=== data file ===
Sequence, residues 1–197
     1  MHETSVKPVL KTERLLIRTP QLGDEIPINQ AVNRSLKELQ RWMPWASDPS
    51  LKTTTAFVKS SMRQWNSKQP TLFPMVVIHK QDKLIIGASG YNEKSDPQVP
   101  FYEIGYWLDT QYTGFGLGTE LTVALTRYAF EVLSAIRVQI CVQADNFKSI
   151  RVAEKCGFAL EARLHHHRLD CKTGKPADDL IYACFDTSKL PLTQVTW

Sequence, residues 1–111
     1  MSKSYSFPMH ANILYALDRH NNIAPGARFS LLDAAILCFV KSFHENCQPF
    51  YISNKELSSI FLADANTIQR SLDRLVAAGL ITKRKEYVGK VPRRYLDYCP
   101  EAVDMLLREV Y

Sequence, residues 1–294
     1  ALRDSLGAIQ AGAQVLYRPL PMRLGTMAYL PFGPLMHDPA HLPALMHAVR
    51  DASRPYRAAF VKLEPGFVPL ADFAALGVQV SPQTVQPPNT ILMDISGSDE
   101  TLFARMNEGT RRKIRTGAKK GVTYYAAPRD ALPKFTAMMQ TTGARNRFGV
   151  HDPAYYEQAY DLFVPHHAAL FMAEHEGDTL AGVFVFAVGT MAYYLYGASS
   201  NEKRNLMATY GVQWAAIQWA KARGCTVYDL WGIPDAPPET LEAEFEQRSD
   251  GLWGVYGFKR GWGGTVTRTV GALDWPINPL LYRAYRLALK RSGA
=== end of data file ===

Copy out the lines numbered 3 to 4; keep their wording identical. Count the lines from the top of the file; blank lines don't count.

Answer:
    51  LKTTTAFVKS SMRQWNSKQP TLFPMVVIHK QDKLIIGASG YNEKSDPQVP
   101  FYEIGYWLDT QYTGFGLGTE LTVALTRYAF EVLSAIRVQI CVQADNFKSI